Books | Sports

December 5, 2006

Field of Schemes

The Wall Street Journal's Joshua Prager exposed treachery and secrets in the heart of America's favorite pastime in The Echoing Green. He tells Gelf how he got one of baseball's biggest stories ever, responds to his critics, and exposes his lust for baseball memorabilia.

David Downs

Wall Street Journal senior special writer Joshua Prager enjoys discovering secrets where none were supposed to exist.

Joshua Prager
Noah David Smith
Joshua Prager
In the case of his widely lauded, university-ready new book The Echoing Green: The Untold Story of Bobby Thomson, Ralph Branca and the Shot Heard Round the World, Prager burrows like a wolverine into the "shot heard round the world"—the 1951 homer by the New York Giants' Bobby Thomson that saved the National League pennant from the clutches of the Brooklyn Dodgers and their pitcher Ralph Branca. Heart attacks and faintings accompanied news of the unexpected home run, and the "shot" reverberated throughout the country, from the White House to the holding cells of soon-to-be executed Julius and Ethel Rosenberg.

For a Journal front-page article in 2001, Prager uncovered proof that the New York Giants had advanced knowledge of opposing pitchers' throws because they were stealing signs with a telescope. Originally slated for one year's research, the 478-page behemoth Echoing Green took five and half years to craft. He hits the subject out of the park with supernatural levels of research and detail that are perfect for baseball and history buffs, though some beach readers may choke on all the proper nouns and backstory.

Two days after Prager broke open another huge mystery about the photographer, Jahangir Razmi, behind the only Pulitzer Prize in photography to go to "Anonymous" in another Journal front-page article, Gelf got Prager on the horn to talk about his critics, the real origin of Echoing Green, and the emotional memorabilia he collected along the way. Following are edited excerpts from the interview. (Also, you can hear Prager and other sports-book authors read from and talk about their works at the free Varsity Letters event presented by Gelf on Wednesday, December 6, in New York's Lower East Side.)

Gelf Magazine: Sports is all about highlights. Give me the highlight reel of your book.
Joshua Prager: The highlight reel of this book? Good question. I would say it would start with the cover because I unearthed the photo that shows—even though you have to blow it up—it shows the actual spy in the clubhouse window. Talk about proof. I would say it includes a lot of the stories about the circumstances of the fans of that day—Arthur Miller, Ethel and Julius Rosenberg, the White House—and it would include the chapter that sort of contextualizes the home run in the '50s, the small chapter that discuses why it is that everyone remembers this. How it had become this moment in just six years. Part of the highlight reel would be all the mini-scoops. I found all of these people who had never been found before—the author's note highlights all the little mysteries that I solved, including the stuff about the White House.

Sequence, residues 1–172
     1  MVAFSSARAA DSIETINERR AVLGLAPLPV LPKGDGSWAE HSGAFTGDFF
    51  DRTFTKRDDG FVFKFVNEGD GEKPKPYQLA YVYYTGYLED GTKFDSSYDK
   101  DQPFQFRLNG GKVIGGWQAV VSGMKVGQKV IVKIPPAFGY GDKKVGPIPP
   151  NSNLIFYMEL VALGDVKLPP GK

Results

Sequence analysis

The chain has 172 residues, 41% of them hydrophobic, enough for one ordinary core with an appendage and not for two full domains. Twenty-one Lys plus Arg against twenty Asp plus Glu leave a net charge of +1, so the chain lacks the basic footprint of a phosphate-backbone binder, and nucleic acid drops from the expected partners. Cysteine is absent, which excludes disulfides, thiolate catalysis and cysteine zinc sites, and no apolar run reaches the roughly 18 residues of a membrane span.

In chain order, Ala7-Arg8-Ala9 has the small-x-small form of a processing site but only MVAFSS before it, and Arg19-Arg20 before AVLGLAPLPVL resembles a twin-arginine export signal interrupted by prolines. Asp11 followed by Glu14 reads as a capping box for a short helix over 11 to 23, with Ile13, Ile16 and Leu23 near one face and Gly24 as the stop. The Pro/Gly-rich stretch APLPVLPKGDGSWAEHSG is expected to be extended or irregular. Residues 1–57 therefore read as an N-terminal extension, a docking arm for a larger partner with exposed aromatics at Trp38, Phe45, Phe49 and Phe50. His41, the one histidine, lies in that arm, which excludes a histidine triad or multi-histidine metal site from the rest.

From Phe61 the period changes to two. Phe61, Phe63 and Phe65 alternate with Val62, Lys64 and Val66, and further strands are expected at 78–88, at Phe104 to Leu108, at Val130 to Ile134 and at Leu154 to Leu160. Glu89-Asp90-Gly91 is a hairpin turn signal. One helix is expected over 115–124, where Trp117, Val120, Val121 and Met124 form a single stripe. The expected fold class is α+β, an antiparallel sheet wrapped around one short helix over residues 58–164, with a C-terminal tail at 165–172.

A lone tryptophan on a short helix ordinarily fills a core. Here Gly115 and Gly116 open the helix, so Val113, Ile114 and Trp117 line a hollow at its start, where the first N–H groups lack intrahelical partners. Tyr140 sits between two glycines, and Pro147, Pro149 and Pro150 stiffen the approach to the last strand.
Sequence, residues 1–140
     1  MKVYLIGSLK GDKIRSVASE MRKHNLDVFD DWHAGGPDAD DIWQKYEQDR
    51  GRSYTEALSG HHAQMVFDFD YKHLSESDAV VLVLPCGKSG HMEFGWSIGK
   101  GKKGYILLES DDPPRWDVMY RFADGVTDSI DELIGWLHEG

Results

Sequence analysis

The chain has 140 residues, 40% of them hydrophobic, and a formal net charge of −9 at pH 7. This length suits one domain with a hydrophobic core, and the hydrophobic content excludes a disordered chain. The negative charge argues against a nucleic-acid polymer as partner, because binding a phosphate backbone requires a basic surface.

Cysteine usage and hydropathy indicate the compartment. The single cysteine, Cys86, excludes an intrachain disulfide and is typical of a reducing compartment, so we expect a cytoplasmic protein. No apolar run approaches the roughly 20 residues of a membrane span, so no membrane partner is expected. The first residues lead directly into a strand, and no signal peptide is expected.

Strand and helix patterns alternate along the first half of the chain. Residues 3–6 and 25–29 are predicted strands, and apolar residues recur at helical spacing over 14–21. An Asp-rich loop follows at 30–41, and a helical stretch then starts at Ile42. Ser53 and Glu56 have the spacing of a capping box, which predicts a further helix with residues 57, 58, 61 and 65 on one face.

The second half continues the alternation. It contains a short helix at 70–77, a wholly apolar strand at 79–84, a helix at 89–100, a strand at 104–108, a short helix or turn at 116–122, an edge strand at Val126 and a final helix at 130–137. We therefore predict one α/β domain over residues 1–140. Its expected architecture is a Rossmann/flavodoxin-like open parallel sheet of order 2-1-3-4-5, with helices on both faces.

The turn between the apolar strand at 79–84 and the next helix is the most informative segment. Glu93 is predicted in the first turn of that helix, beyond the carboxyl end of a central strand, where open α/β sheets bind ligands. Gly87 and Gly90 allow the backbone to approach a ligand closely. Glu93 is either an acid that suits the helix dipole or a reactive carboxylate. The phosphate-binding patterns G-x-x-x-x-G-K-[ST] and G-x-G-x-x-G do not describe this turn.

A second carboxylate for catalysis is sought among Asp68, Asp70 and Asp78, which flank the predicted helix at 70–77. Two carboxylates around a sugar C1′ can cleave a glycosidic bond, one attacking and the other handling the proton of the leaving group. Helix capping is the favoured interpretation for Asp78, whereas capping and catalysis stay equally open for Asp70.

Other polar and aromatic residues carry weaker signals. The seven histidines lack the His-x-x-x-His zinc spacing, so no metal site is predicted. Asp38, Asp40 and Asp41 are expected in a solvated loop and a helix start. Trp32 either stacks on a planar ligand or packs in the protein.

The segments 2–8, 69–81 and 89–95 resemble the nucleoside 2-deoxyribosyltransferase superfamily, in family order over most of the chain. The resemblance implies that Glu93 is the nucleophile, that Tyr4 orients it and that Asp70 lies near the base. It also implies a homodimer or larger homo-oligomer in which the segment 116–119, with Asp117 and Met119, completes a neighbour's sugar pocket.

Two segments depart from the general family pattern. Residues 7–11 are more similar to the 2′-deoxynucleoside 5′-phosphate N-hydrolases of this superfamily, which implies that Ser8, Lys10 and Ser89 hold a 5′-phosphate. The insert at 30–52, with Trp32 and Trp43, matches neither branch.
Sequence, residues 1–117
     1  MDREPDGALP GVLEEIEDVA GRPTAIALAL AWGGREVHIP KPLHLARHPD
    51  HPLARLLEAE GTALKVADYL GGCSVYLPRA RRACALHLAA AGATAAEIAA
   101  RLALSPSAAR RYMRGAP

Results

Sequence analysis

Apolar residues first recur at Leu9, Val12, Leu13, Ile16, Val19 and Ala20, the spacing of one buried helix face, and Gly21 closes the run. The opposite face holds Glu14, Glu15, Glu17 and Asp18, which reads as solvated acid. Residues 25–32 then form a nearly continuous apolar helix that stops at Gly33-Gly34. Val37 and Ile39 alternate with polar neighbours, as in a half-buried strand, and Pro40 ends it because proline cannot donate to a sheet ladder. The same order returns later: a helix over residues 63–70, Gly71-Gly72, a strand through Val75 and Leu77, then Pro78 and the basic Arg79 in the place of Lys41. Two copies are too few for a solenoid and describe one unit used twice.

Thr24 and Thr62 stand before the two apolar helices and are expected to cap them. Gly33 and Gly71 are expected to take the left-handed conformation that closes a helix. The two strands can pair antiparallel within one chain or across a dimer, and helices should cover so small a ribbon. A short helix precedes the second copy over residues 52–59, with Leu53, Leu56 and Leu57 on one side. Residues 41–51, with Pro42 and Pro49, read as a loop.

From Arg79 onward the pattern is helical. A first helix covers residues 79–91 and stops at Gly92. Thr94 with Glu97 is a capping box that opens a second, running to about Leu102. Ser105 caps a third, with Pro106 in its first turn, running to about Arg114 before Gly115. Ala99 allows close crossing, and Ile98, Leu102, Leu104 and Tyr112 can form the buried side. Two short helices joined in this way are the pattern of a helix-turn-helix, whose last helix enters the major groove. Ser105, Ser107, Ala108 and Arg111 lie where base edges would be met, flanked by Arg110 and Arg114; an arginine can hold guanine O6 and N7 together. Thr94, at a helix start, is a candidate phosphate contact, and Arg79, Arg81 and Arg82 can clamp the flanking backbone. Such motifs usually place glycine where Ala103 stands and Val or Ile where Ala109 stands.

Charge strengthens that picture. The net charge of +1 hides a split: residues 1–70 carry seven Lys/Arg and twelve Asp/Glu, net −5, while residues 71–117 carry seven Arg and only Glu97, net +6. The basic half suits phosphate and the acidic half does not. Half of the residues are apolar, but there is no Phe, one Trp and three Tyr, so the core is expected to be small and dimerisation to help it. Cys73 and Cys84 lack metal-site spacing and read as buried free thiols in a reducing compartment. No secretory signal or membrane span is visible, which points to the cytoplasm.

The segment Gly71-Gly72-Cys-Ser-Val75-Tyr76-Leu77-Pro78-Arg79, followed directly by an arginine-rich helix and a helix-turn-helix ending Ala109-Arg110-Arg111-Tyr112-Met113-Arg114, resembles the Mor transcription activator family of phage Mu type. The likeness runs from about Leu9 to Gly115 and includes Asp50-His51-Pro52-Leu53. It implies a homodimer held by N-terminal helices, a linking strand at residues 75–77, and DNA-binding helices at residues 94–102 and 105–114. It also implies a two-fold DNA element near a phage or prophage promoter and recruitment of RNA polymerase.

GM: Among mostly positive reviews for Echoing Green, a few people have weighed in saying: The book needed an editor; it contained too-fancy words; it had annoyingly inverted syntax; it could've lost 200 pages; and one guy on wondered if you're overcompensating for a brother who is an Ivy League English Literature professor. Do you have a brother who is an Ivy League English Literature professor and are you overcompensating?
JP: [Laughs] I actually laughed when I read that review on Amazon. No, I don't.
I wanted it to be comprehensive, really comprehensive. Some have said I was too comprehensive, but it felt like for such a special moment, and to write the definitive account of that, I wanted to do it right. Some would say, "Why would you write a book on baseball with this sort of serious tone?" But I said, "You know what, I care about baseball and I want to do it the best I can."
I think after I started writing I developed a style and when I wanted to accentuate a different syllable by inverting certain sentences, that's what I was doing. Maybe I did it too often. You write in the style because you feel that's the best way to articulate what it is you're trying to articulate. I guess I could've made it simpler. If you look at the writing I do in the Journal, for example, it's a different style. Part of that is because they rein me in and part of that is because I decide to write that way.
Everyone thinks that I just sort of don't know how to edit because it's so detailed, that there was nothing left out. That is ridiculous. There were hundreds of items that were left out.

GM: What were the real battles with the book editor?
JP: I really didn't have any battles with my editor. The only thing that I am upset about more than anything else—and I write about it in the book jacket—is that on the cover photo they digitally add a little bit of sunlight on the cover. I felt that we shouldn't doctor the black-and-white photo other than just having the grass be green. They put sunlight behind the outfield fence. It's 3:58 p.m. in the photo and the sun doesn't set in the east. I felt it was sort of indicative to a reader that I might've played around with the facts. So I address the inaccuracy on the jacket. For the most part, obviously, if that is my one gripe, my editor and I worked great together.

GM: You obviously love baseball. What's you first memory of it?
JP: My first game I ever went to was in 1976, but my first memory—I remember very well playing with a Fat Albert, a little orange bat. I remember always swinging that bat and always wanting to dive after balls. I was always asking my Dad to "make me dive! Make me dive!"